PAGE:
The Skagen Painters were a group of Scandinavian artists who gathered in the area of Skagen, the northernmost part of Denmark, from the late 1870s until the turn of the century. Skagen was a summer destination whose scenery and quality of light attracted northern artists to paint en plein air following the French Impressionists—though members of the Skagen collective were also influenced by realist movements such as the Barbizon school. They broke away from the rather rigid traditions of the Royal Danish Academy of Fine Arts and the Royal Swedish Academy of Arts, espousing the latest trends they had learnt in Paris.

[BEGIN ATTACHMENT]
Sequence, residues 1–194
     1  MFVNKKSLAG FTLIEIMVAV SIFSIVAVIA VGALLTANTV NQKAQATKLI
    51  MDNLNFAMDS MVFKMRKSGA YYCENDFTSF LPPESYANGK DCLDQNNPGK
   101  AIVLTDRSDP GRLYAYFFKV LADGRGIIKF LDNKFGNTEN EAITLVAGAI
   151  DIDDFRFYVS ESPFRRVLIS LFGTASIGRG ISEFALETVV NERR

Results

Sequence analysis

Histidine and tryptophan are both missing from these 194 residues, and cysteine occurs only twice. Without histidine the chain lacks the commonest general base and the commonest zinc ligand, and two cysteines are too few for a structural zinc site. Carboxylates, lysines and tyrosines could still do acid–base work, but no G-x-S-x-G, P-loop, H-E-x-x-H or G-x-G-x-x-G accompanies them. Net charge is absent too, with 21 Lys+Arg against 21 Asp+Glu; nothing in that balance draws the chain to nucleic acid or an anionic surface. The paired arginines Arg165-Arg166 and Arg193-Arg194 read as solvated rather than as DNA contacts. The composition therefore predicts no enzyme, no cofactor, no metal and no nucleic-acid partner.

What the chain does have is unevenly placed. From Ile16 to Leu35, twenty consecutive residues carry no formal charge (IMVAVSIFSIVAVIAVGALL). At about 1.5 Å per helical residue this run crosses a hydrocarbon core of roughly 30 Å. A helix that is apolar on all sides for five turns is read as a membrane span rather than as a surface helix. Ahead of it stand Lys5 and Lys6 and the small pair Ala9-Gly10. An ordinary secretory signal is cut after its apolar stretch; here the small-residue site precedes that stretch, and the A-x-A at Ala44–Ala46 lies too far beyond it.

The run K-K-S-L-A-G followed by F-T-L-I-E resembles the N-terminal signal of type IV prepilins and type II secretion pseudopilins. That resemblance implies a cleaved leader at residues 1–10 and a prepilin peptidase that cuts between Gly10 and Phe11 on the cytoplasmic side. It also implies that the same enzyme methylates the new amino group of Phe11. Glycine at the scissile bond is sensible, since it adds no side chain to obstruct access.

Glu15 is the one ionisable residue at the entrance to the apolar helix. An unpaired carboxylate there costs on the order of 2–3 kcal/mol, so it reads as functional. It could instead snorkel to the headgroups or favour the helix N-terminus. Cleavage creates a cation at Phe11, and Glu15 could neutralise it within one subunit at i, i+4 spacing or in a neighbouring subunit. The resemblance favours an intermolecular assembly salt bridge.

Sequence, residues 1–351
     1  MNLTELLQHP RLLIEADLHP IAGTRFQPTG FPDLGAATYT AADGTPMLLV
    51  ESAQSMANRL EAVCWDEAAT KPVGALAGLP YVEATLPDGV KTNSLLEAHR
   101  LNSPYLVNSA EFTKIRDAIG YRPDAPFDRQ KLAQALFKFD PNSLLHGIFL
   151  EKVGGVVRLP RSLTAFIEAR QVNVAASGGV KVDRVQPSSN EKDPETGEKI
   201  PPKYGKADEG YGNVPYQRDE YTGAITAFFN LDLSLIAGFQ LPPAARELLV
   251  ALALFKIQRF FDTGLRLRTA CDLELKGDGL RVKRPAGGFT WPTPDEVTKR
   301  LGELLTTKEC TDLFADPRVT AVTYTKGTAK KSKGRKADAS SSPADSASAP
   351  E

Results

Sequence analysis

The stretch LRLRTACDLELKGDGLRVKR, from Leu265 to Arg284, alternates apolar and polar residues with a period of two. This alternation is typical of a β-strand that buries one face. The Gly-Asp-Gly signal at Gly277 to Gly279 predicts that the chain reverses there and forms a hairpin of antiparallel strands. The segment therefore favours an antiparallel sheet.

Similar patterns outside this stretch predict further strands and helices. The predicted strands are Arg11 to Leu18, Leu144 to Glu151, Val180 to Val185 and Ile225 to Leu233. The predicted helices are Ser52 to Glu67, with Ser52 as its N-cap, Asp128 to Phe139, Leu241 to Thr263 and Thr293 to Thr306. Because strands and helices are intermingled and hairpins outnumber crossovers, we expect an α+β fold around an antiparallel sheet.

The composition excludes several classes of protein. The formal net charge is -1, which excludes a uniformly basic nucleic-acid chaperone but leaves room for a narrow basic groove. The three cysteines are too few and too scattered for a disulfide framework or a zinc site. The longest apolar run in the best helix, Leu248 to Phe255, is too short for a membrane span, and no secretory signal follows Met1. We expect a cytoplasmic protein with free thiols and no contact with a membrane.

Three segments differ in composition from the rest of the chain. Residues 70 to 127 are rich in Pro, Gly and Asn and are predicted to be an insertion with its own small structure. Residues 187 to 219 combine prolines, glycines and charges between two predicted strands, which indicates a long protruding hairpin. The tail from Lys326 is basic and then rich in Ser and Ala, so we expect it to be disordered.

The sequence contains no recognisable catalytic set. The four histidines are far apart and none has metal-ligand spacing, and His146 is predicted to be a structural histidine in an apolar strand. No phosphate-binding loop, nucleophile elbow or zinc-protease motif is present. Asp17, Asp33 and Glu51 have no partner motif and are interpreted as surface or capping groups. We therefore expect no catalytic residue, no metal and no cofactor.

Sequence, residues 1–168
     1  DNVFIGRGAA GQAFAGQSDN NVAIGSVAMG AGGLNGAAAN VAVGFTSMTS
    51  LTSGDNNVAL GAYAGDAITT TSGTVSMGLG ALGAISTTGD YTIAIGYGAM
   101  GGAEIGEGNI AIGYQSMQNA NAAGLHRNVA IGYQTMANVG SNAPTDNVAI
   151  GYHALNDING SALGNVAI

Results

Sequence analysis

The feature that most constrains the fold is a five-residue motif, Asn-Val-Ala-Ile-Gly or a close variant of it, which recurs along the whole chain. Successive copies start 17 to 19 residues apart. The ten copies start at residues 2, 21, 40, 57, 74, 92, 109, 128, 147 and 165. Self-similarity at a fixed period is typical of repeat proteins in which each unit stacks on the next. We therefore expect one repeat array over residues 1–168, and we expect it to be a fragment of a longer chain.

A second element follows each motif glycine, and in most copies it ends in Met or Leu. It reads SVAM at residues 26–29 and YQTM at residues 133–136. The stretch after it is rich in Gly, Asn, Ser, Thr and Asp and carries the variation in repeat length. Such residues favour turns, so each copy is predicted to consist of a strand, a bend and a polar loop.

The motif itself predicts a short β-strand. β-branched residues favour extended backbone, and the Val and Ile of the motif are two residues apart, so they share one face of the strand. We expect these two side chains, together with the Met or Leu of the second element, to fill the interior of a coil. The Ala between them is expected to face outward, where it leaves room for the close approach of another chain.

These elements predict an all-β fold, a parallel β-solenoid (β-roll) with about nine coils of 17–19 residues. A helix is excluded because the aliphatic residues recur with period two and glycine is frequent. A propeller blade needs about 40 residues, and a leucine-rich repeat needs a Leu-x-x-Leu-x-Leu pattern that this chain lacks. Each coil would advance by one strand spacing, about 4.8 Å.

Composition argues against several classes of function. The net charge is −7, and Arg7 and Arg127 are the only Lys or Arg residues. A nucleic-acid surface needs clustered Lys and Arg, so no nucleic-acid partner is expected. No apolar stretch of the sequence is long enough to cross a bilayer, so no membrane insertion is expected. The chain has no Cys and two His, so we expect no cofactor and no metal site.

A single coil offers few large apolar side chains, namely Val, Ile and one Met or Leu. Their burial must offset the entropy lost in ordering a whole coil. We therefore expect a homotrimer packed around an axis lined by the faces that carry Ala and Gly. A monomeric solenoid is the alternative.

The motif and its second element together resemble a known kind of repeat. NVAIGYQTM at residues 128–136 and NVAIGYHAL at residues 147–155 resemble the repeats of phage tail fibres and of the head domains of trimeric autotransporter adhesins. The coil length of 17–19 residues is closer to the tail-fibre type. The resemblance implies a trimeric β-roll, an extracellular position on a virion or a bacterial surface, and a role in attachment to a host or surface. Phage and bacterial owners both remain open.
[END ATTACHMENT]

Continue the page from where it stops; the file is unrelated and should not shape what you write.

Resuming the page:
Skagen, in the very north of Jutland, was the largest fishing community in Denmark, with more than half of its population so engaged. Among the locals, fishermen were by far the most common subject for the Skagen painters. Skagen's long beaches were exploited in the group's landscapes; Peder Severin Krøyer, one of the best-known of the Skagen painters, was inspired by the light of the evening "Blue Hour", which made the water and sky seem to optically merge. This is captured in one of his most famous paintings, Summer Evening at Skagen Beach – The Artist and his Wife.
Famous quotes containing the word painters:
“Most of our modern portrait painters are doomed to absolute oblivion. They never paint what they see. They paint what the public sees, and the public never sees anything.”
—Oscar Wilde (18541900)